Newsweek’s Evan Thomas: “Stupid thing to say. It was completely wrong. But I do think that, I do think that the mainstream press, I’m not talking about the blogs and Rush and all that, but the mainstream press favors Kerry. I don’t think it’s worth 15 points. That was just a stupid thing to say.”
Kurtz: “Is it worth five points?”
Thomas: “Maybe, maybe.”
— Exchange on CNN’s Reliable Sources, October 17, 2004.

Newsweek Editor Jon Meacham: “The work of the evening, obviously, is to connect George W. Bush to the great war leaders of the modern era. You’re going to hear about Churchill projecting power against public opinion....”
MSNBC’s Chris Matthews: “But Iraq was a popular cause when he first started it. It wasn’t like Churchill speaking against the Nazis.”
Meacham: “That’s not the way the Republican Party sees it. They think that all of us and the New York Times are against them.”
Matthews: “Well, they’re right about the New York Times, and they may be right about all of us.”
— Exchange shortly after 8:30pm EDT during MSNBC’s live convention coverage, August 30, 2004.

“Of course it is....These are the social issues: gay rights, gun control, abortion and environmental regulation, among others. And if you think The Times plays it down the middle on any of them, you’ve been reading the paper with your eyes closed.”
New York Times Public Editor Daniel Okrent in a July 25, 2004 column which appeared under a headline asking, “Is The New York Times a Liberal Newspaper?”

“Like every other institution, the Washington and political press corps operate with a good number of biases and predilections. They include, but are not limited to, a near-universal shared sense that liberal political positions on social issues like gun control, homosexuality, abortion, and religion are the default, while more conservative positions are ‘conservative positions.’...”
“The press, by and large, does not accept President Bush’s justifications for the Iraq war....It does not accept the proposition that the Bush tax cuts helped the economy....It remains fixated on the unemployment rate....The worldview of the dominant media can be seen in every frame of video and every print word choice that is currently being produced about the presidential race.”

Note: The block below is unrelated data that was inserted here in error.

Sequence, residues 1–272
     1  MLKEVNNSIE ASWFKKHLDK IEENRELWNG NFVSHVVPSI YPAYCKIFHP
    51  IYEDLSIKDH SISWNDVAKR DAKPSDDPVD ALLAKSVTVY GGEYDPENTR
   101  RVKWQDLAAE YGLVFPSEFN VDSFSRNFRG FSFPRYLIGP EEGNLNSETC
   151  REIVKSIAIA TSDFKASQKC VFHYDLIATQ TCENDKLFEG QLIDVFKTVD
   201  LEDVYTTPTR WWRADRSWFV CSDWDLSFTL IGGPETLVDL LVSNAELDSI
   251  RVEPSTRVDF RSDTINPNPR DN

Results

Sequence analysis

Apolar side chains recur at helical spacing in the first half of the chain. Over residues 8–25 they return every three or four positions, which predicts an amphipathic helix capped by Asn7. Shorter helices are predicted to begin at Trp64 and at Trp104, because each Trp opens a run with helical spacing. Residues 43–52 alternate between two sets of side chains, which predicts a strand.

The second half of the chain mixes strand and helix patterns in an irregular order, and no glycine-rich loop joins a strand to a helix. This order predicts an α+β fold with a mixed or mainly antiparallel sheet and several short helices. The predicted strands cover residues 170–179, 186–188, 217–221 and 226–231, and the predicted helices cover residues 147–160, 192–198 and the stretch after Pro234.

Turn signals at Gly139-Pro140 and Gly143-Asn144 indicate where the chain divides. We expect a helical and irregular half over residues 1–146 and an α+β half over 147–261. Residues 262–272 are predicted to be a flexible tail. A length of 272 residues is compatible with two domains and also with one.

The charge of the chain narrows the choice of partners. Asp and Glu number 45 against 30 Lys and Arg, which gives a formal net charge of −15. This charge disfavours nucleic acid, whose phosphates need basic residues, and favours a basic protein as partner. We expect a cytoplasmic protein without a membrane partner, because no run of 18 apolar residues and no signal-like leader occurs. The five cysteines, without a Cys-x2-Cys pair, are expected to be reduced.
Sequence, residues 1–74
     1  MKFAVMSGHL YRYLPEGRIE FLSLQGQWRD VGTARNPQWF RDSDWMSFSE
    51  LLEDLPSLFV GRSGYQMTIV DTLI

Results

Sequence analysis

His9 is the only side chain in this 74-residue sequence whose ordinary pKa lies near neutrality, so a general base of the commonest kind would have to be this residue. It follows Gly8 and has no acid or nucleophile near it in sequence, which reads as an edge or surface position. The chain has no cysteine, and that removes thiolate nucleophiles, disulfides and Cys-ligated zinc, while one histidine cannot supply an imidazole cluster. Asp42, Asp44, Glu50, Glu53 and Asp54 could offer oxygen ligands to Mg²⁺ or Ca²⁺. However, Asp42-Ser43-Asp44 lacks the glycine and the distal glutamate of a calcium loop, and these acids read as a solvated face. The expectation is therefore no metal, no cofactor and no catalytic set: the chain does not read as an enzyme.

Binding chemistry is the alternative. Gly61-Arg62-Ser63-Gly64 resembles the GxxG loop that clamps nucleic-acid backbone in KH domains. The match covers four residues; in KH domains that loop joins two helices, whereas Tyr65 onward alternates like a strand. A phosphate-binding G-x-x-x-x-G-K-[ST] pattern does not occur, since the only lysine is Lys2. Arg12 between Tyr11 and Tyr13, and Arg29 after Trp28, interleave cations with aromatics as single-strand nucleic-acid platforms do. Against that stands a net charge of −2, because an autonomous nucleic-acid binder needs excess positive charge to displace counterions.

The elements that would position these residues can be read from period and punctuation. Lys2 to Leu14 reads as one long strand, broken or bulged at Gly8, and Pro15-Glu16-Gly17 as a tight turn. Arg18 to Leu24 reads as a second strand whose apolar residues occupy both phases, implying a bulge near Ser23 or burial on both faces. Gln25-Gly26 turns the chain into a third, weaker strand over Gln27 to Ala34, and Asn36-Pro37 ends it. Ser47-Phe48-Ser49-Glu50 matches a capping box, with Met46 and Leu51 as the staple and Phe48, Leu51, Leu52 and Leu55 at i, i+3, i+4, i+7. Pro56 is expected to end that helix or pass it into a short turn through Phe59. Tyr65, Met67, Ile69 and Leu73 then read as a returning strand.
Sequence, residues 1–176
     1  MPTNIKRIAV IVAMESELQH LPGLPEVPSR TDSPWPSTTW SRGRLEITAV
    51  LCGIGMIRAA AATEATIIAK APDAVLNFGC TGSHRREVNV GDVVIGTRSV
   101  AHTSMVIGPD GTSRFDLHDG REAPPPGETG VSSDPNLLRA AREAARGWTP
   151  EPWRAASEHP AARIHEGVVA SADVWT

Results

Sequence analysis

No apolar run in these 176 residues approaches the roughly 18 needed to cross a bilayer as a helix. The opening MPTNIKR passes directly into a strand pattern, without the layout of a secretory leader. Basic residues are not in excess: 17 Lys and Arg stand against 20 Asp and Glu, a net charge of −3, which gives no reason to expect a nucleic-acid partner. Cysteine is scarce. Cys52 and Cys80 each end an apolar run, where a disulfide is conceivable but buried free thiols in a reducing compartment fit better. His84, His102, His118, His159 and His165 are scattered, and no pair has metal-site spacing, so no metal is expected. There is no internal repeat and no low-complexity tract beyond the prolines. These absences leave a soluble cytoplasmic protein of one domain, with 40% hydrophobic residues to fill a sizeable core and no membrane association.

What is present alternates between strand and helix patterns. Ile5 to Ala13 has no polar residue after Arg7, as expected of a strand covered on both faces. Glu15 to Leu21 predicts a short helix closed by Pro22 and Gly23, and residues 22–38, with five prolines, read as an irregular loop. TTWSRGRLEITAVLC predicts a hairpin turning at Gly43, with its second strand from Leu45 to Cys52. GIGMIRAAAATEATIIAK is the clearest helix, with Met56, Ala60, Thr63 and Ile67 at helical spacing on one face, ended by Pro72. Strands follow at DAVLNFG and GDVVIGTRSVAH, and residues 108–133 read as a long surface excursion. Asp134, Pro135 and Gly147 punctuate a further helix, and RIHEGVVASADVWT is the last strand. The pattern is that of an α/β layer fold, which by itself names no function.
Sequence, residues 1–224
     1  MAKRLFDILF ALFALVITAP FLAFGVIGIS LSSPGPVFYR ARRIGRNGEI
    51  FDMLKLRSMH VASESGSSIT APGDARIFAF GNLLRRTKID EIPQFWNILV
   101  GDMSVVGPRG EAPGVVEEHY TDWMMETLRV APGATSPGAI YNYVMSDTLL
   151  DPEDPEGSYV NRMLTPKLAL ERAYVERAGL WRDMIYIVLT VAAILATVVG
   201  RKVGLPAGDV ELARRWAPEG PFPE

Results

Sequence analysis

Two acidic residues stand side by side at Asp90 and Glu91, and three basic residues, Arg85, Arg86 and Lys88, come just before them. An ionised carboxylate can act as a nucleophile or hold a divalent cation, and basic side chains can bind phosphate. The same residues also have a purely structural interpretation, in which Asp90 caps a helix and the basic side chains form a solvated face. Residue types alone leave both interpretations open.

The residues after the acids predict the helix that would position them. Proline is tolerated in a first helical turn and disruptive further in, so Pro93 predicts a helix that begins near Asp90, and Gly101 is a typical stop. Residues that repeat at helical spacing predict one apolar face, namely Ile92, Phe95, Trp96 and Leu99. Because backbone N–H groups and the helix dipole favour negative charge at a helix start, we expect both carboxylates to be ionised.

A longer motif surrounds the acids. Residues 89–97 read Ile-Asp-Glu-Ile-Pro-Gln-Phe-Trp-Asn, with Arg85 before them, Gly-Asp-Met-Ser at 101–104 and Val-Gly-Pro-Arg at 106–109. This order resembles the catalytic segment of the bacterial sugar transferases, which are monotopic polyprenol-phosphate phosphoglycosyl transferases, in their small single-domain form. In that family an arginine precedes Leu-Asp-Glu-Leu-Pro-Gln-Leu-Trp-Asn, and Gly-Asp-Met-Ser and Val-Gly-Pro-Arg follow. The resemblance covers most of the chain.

— From the February 10, 2004 edition of’s “The Note,” a daily political memo assembled by ABC News political director Mark Halperin and his staff.

Jack Cafferty: “Can you say liberal? And the liberal talk radio station Air America debuts today....The question is, does America need additional ‘liberal’ media outlets?...”
Bill Hemmer: “I think it’s a good question....Why hasn’t a liberal radio station or TV network never taken off before?”
Cafferty: “We have them. Are you, did you just get off a vegetable truck from the South Bronx? They’re everywhere....What do they call this joint? The Clinton News Network?”
— Exchange on CNN’s American Morning, March 31, 2004.

“I think most claims of liberal media bias are overblown. At the same time, I do think that reporters often let their cultural predilections drive their coverage of social issues, and the coverage of the gay marriage amendment offers a perfect example....Why do reporters assume that the amendment is a fringe concern? Perhaps because nearly all live in big cities, among educated, relatively affluent peers, who hold liberal views on social matters. In Washington and New York, gay marriage is an utterly mainstream proposition. Unfortunately, in most of the country, it’s not.”
New Republic Senior Editor Jonathan Chait,, March 1, 2004.

“Where I work at ABC, people say ‘conservative’ the way people say ‘child molester.’”
— ABC 20/20 co-anchor John Stossel to reporter Robert Bluey, in a story posted January 28, 2004.

“I think they [most reporters] are on the humane side, and that would appear to many to be on the liberal side. A lot of newspaper people — and to a lesser degree today, the TV people — come up through the ranks, through the police-reporting side, and they see the problems of their fellow man, beginning with their low salaries — which newspaper people used to have anyway — and right on through their domestic quarrels, their living conditions. The meaner side of life is made visible to most young reporters. I think it affects their sentimental feeling toward their fellow man and that is interpreted by some less-sensitive people as being liberal.”
— Former CBS Evening News anchor Walter Cronkite to Time magazine’s Richard Zoglin in an interview published in the magazine’s November 3, 2003 edition.

“I thought he [former CBS News correspondent Bernard Goldberg] made some very good points. There is just no question that I, among others, have a liberal bias. I mean, I’m consistently liberal in my opinions. And I think some of the, I think Dan [Rather] is transparently liberal. Now, he may not like to hear me say that. I always agree with him, too, but I think he should be more careful.”